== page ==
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If you’re a first-time driver, you may be wondering: Do you need insurance to drive a car?

Yes, you do need insurance to drive a car. Almost every state has minimum car insurance requirements. There are only two states where you can drive without an insurance policy, New Hampshire and Virginia. In these states, you can forgo insurance, but only if you are able to prove that you have enough money to cover damages yourself should you cause an accident. Most people do not have enough assets to self insure, however, so even in New Hampshire and Virginia, drivers typically need to buy car insurance.

Below, we’ll discuss frequently asked questions about car insurance requirements and which providers we recommend from our review of the nation’s best auto insurance companies. Anytime you shop for car insurance, we recommend getting quotes from multiple providers to be sure you’re paying the right price for your coverage.

Enter your zip code on our form above, and we’ll help you start comparing car insurance quotes instantly. Or, give us a call at (844) 246-8209 for free, personalized quotes.

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Why Do You Need Insurance To Drive A Car?

Car insurance protects you and your finances in the event of an accident. If you’re driving uninsured, you could face serious legal repercussions. Typically, states require two or more of the following coverages:

  • Bodily injury liability insurance (BI): This covers the medical costs of the other driver in an accident you cause.
  • Property damage liability insurance (PD): This type of coverage protects you from having to pay for repairs to another car or other property after an accident you cause.
  • Medical payments (MedPay): MedPay covers your medical bills after an accident, regardless of who was at fault.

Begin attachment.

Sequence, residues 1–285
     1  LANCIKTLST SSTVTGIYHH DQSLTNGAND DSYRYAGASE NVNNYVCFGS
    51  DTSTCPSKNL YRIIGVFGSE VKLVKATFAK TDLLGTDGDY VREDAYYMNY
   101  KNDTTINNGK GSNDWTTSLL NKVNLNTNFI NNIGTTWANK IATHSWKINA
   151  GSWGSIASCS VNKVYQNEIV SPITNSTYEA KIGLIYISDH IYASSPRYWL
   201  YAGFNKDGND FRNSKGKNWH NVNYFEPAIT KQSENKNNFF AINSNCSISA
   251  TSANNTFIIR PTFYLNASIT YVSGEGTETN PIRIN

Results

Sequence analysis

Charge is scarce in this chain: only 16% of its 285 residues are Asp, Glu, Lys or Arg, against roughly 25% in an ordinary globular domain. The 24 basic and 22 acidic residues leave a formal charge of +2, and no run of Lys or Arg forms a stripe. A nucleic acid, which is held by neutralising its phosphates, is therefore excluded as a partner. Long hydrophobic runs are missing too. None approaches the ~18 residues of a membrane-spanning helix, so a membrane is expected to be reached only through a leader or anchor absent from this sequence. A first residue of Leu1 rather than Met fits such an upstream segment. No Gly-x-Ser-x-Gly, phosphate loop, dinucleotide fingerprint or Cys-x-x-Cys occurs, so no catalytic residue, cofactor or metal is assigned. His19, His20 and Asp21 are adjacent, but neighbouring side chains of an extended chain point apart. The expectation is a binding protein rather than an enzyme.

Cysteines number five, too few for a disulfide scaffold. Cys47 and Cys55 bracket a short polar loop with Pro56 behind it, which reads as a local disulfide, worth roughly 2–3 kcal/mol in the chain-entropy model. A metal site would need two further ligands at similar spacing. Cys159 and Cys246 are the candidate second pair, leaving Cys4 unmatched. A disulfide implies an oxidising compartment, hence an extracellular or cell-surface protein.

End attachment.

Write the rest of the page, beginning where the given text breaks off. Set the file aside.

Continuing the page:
• Personal injury protection (PIP): PIP covers your medical bills after an accident in no-fault states.
  • Uninsured/underinsured motorist coverage (UM/UIM): UM/UIM coverage pays for damages to your vehicle after an accident with an uninsured motorist or when the other driver’s insurance does not cover the full cost of damages and medical bills.

Two other kinds of coverage that are important to consider when looking for a new car insurance policy are collision and comprehensive coverage. These aren’t required by law, but are strongly recommended.

  • Collision coverage: If you have this type of insurance, damages to your car will be covered after an accident, regardless of which party is at fault.
  • Comprehensive car insurance: This type of insurance covers damages to your car that aren’t the result of a collision. It can include hail storms, floods, animal damage, theft, vandalism, and more.

It’s smart to get a mix of these coverages for peace of mind when you’re on the road. Accidents are bad enough without having to worry about how the cost of repairs will impact your finances.

Do You Need Insurance To Buy A Car?

Yes, you need auto insurance coverage to buy a car. In most cases, even if you go to the dealership without a specific vehicle in mind, you will need proof of insurance for purchase. You have the option to get car insurance before you buy the car or after you buy the car, but you won’t be able to leave with the vehicle until you have it.

If you want to drive the car immediately after buying it, you need to get insurance beforehand. To do this, you need to know the exact car you want to buy and which insurance carrier fits your needs.

Do You Need Insurance To Buy A Used Car?

If you already have a car insurance policy and are a vehicle owner for a different car, you’ll typically have a week to 30 days to notify your provider about a new car. If you’re adding this car onto your policy, you’ll have to pay more for your insurance.

If you plan to replace your old car with your new one, you can usually keep the same coverage. It’s still important to update your insurance agent of the switch though, so you have the right car insured.

Should You Get Insurance To Drive Someone Else's Car?

Depending on how frequently you drive a friend’s car, or any car not insured in your name, you might or might not need car insurance. With permission or consent, it’s generally not a problem if someone else drives your car.